The national oil law lies at the heart of debates about the future of Iraq, particularly the issue of a strong central government versus robust regional governments. The oil question has also inflamed ethnic and sectarian tensions. Sunni Arabs, who preside over areas of the country that apparently have little or no oil, are adamant about the equitable distribution of oil revenues by the central government.

On the drafting committee, Sunni Arabs have allied with the Shiites against the Kurds, who have sought to maintain as much regional control as possible over the oil industry in their autonomous northern enclave. Iraqi Kurdistan has enjoyed de facto independence since 1991, when the American military established a no-flight zone above the mountainous region to prevent raids by Saddam Hussein.

Gen. George W. Casey Jr., the senior American commander here, and Zalmay Khalilzad, the American ambassador, have urged Iraqi politicians to put the oil law at the top of their agendas, saying it must be passed before the year’s end.

The drafting committee is made up of ministers and politicians from the main Shiite, Sunni Arab and Kurdish blocs in government. They began talks months ago, but the pace picked up recently, said an American official tracking the negotiations, who spoke on condition of anonymity because he did not want to give the appearance of Western interference in sovereign Iraqi matters.

At the start of the talks, the Kurds fought to ensure that regional governments have the power to collect and distribute revenues from future fields, Iraqi and American officials said. They also proposed that revenues be shared among the regions based on both population and crimes committed against the people under Mr. Hussein’s rule. That would have given the Kurds and Shiites a share of the oil wealth larger than the proportions of their populations.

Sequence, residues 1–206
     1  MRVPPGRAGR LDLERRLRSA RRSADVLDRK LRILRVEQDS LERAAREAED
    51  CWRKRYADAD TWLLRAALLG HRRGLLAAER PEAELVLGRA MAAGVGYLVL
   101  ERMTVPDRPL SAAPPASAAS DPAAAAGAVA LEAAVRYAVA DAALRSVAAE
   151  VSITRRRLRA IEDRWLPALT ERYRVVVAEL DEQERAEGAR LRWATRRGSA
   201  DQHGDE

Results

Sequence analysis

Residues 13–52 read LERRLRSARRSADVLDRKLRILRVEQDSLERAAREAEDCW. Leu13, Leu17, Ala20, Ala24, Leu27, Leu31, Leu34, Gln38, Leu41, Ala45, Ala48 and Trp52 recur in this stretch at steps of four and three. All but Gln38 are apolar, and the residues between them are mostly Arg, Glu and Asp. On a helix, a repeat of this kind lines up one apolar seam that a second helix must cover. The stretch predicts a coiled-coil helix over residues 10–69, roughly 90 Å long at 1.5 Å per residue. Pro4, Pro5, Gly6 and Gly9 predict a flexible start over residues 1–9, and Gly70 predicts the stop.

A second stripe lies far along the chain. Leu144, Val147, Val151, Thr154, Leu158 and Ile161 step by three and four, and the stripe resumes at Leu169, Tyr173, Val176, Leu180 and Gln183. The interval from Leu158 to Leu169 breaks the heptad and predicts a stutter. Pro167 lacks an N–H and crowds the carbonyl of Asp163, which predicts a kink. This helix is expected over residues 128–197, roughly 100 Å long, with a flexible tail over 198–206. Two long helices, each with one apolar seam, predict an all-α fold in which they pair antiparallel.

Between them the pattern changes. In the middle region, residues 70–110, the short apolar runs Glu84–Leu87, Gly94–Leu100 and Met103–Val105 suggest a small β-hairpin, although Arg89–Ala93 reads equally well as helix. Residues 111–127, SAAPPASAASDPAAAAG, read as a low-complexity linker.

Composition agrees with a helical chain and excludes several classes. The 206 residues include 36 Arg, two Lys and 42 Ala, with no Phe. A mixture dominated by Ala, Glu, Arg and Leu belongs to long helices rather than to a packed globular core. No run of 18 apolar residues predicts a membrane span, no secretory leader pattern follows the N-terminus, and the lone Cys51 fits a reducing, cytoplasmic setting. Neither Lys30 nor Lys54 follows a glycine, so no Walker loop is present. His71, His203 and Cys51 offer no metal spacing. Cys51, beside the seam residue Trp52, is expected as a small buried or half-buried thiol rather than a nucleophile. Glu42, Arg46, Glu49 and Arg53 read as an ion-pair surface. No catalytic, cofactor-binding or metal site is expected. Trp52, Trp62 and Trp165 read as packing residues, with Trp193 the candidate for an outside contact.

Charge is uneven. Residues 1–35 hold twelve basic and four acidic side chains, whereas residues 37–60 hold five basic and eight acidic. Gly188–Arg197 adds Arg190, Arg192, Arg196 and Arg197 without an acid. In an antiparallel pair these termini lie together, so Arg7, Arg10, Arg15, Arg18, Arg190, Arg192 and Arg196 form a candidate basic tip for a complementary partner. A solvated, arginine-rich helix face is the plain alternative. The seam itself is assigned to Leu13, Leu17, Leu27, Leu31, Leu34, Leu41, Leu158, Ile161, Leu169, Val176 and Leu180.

But the Kurds dropped those demands, said Barham Salih, a deputy prime minister who is a Kurd and the chairman of the committee.

“Revenue sharing is an accepted principle by all the constituent elements of the Iraqi government, including the Kurds, and that is the unifying element that we’re all hoping for in the oil law,” Mr. Salih said in an interview.

The American official said the Kurds were willing to make concessions because a national oil law could attract more foreign oil companies to exploration and development in Kurdistan. A large foreign oil company would have more confidence in signing a contract with the Kurds if it were to operate under the law of a sovereign country rather than just the law of an autonomous region.
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Old December 10th, 2006, 07:58 AM   #3
LoyaltyisaCurse
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Its always been about the oil... control of rescources is the #1 objective in any plan that involves the ME...if the oil wasn't there, our president would've cared as much about Iraq under Sadaam as he does about Darfur...

And like I said a few days ago, the fact that things in this country have gotten so bad that bringing in guys like Baker and Gates--with all of their baggage and involvment in things during Regan and Bush 1 administrations--is a very sad statement of our times...